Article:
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Lookup NU author(s): Emeritus Professor Noel Burton-Roberts,
Dr Philip Carr
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We discuss the tension between an "Internalist" (generative) concept of language as a natural, innate state of mind/brain and an "Externalist" (productive) concept of language as a conventional form of behaviour common to the members of a "speech community". We relate this to the tension concerning the nature and status of phonology and its relation to phonetics. In aid of resolving these tensions, we outline the "Representational Conjecture", in terms of which (E) phonetic phenomena are viewed as produced by speakers in aid of conventionally representing the (I-) linguistic. The relevant relation of "representation" is discussed and contrasted with how "representation" is usually understood. The essence of the idea is that, since the I-linguistic is one of the terms thus related, it must be distinguished both from the representational relation itself and from anything that is representational of it. The fundamental distinction, then, is between the (I-) linguistic and what is (E-) representational of it. We consider and reject the possibility that the phonetic is representational of the phonological. Instead (and in contrast to a "realisational" view of the phonological), we propose that the phonological is itself representational: phonology is about the language-external representational function of relevant phonetic phenomena. Some of the wider implications of this idea are explored.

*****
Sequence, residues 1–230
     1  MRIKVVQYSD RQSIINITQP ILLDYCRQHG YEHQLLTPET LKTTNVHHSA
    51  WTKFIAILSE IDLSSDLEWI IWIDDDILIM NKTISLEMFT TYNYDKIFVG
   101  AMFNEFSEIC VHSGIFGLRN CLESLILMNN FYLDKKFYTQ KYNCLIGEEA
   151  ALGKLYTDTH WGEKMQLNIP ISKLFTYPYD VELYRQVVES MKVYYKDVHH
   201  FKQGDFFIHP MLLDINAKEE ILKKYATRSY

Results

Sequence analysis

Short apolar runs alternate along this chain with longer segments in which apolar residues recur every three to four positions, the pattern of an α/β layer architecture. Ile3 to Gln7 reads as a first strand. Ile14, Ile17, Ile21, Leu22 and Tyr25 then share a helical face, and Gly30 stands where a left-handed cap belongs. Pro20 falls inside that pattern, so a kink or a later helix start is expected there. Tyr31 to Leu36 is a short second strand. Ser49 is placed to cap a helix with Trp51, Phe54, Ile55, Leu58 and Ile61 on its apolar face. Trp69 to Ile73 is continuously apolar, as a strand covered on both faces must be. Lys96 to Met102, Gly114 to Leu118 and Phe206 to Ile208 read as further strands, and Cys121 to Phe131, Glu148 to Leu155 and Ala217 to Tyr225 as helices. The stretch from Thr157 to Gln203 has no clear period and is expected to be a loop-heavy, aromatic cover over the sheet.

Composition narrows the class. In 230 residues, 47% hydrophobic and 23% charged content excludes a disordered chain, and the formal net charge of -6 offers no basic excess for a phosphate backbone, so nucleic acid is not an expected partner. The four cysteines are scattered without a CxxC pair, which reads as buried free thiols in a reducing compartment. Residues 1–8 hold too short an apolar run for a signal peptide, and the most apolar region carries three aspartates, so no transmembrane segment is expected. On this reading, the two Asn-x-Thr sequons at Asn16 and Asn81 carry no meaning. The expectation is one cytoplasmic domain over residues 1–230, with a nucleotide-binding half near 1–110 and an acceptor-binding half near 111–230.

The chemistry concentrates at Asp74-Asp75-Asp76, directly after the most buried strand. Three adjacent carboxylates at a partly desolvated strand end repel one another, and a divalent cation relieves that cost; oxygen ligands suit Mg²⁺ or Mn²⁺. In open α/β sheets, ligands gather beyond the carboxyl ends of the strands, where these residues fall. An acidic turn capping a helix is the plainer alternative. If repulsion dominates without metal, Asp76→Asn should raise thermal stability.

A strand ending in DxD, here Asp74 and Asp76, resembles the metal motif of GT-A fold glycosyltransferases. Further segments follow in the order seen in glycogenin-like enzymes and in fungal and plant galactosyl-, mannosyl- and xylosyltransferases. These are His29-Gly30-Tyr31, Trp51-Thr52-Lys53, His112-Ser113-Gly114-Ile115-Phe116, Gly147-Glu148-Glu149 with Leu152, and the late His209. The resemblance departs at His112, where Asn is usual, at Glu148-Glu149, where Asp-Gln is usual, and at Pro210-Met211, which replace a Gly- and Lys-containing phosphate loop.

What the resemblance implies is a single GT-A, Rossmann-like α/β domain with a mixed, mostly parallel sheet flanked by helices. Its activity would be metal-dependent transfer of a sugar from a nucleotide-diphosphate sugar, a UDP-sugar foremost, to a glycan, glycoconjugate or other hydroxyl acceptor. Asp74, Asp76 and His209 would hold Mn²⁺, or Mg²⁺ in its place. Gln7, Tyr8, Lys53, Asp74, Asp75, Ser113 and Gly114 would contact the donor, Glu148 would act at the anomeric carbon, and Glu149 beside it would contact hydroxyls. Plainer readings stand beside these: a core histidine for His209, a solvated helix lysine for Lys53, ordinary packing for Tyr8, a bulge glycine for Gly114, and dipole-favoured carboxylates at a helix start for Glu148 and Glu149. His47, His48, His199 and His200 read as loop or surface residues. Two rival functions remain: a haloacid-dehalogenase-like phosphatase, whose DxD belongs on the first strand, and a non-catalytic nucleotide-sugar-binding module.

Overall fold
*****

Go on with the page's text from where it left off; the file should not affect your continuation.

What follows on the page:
Author(s): Burton-Roberts N, Carr P
Publication type: Article
Publication status: Published
Journal: Language Sciences
Print publication date: 01/10/1999
ISSN (print): 0388-0001
ISSN (electronic): 1873-5746
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